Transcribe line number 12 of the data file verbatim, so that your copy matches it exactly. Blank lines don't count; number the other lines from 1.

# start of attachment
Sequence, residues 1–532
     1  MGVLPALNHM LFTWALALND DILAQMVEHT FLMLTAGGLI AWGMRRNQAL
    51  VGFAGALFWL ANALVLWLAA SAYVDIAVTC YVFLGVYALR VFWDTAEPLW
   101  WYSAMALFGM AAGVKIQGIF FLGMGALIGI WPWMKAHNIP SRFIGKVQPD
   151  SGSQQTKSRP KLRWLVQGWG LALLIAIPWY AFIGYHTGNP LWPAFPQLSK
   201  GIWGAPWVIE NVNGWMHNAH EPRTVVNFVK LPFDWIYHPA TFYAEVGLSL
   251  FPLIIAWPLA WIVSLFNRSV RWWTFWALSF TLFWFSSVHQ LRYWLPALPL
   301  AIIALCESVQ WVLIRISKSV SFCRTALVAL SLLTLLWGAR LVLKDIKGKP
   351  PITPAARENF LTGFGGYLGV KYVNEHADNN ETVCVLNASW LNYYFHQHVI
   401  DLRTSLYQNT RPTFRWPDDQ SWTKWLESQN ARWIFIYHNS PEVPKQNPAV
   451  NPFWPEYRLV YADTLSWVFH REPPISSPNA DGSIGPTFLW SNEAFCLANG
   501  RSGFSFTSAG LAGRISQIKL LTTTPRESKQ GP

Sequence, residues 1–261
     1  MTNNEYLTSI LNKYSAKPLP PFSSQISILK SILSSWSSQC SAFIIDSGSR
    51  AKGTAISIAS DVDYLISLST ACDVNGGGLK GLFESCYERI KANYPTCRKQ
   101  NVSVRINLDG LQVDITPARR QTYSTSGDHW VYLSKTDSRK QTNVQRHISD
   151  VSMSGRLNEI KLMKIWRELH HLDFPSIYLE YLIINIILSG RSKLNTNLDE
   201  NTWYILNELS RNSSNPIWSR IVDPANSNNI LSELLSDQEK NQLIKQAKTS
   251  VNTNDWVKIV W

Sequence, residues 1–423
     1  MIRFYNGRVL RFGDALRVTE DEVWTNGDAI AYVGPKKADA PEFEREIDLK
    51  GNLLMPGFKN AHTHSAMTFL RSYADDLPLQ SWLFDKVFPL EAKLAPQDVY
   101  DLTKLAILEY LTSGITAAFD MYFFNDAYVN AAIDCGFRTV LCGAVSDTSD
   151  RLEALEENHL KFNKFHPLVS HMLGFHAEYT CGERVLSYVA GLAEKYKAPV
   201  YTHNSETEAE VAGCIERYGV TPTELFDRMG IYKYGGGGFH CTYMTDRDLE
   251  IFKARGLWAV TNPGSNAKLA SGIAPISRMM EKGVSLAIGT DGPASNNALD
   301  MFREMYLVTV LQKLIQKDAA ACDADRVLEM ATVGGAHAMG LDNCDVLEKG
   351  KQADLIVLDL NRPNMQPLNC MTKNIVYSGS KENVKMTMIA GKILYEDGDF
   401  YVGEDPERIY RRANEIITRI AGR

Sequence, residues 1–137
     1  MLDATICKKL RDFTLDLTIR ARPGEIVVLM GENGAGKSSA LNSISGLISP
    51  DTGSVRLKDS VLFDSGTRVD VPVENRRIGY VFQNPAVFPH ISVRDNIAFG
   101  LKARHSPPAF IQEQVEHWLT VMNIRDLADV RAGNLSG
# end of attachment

   501  RSGFSFTSAG LAGRISQIKL LTTTPRESKQ GP